A growing number of people today assume that the pursuit of the natural world—science—must move us farther and farther from God. Recent studies have confirmed that great numbers of young people are leaving the Church because of the “conflict” between faith and science and the lack of scientific evidence for religion (see Faith, Science and Reason: Theology on the Cutting Edge, 24). Popular narratives aside, science and faith are not enemies. In fact, through the years, Christianity has been essential to the progression of science and it is only in recent decades that such misconceptions have ingrained themselves into the cultural subconscious. Yet it stands that the conversation about the relationship between faith and science is an important one that we are all bound to encounter, whether in our classrooms, parishes, workplaces, or homes. For the good of Catholic young people and the future of science, this vision must be restored, because it is only when faith and science are seen together that one can come to see clearly the truth of both the world and the glory of God.
Dear high school youth ministers,
Congratulations! Though it has had an ending unlike any other, another successful year is on the books and another amazing group of seniors has been launched from your ministry. While it’s sad to see them go, they’re off to bigger and better things, armed with a wealth of faith and wisdom gained from their youth ministry experiences.
But what is next for them in their life of faith? Will their relationship with Christ and their Catholic faith continue in college and beyond? These are hard but important questions. One Pew study reports that most people who leave the Catholic faith will do so before the age of 24. The same study also states that only 32% of those involved in Catholic youth groups remain Catholic as adults. Like high school, college is a critical time in the faith lives of young people.
Summers were always refreshingly quiet at the Newman Center. Like any college campus, for a few precious months our public university was reduced to the satisfying hum of summer students and a steady stream of high schoolers coming for campus tours and orientation. I met many Catholic students and parents as they stopped by the Newman Center after their campus visit. There are a few of these students I will never forget, but there were also many whom I never saw again. In seven years of Catholic Campus Ministry at a public university, there was no shortage of parents calling us for help with a student who was struggling or who had stopped going to church. While we did what we could for them, their calls echoed the same question I saw in the eyes of my summer visitors: how can I help my child stay Catholic in college?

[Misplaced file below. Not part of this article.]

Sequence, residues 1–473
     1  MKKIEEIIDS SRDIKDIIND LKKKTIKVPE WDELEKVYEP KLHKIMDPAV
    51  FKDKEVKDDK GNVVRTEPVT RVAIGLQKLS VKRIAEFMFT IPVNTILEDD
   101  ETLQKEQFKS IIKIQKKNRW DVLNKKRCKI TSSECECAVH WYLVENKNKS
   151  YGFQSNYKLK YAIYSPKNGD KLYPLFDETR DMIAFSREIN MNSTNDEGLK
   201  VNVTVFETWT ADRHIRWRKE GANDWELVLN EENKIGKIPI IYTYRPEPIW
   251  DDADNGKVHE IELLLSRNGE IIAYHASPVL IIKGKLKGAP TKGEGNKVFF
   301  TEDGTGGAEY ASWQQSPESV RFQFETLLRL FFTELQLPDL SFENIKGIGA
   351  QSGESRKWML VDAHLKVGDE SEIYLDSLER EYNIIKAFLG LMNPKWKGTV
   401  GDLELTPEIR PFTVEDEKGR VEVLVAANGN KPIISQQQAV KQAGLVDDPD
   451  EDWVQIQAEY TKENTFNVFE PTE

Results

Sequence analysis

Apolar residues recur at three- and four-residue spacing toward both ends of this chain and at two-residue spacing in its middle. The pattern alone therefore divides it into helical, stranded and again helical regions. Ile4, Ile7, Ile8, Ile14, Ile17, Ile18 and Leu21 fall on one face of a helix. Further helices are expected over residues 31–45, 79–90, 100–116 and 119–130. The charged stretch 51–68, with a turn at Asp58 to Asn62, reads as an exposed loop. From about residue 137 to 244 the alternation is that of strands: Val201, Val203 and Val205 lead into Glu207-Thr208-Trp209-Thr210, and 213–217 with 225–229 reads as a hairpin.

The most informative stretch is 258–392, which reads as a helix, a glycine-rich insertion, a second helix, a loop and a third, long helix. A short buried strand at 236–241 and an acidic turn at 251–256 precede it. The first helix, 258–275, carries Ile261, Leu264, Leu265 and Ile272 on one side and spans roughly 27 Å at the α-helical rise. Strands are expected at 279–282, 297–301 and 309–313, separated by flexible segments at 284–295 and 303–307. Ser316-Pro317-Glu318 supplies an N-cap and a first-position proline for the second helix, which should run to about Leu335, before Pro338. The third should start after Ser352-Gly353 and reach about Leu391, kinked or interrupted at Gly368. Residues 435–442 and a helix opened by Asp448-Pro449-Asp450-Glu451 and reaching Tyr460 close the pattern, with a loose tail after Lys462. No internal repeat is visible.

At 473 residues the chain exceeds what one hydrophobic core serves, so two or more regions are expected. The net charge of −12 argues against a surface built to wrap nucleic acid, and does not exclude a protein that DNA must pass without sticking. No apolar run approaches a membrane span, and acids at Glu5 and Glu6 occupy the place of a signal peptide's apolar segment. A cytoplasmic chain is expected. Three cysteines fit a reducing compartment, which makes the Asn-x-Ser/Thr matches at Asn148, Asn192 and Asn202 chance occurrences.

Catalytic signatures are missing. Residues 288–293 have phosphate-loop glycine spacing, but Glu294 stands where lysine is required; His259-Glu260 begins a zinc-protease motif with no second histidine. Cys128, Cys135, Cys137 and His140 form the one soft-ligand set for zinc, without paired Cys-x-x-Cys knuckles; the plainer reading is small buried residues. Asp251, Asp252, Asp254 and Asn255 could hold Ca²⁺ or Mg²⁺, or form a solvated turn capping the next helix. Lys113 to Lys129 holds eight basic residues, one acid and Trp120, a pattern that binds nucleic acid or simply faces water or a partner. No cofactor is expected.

Dear graduating seniors,
Finally, high school is over and you are FREE!!! Congratulations! Eat some cake. Now, get excited because college is just around the corner!
If you’re anything like I was, you can’t wait to get to college. People told me my college days would be some of the best of my life. It was true! What I didn’t expect, though, was how my faith would change while I was there. For the first time in my life, my parents weren’t blasting me out of bed for church on Sunday, my youth minister wasn’t there to make sense of things, and my best friends weren’t sitting in the pews behind me. It was all up to me.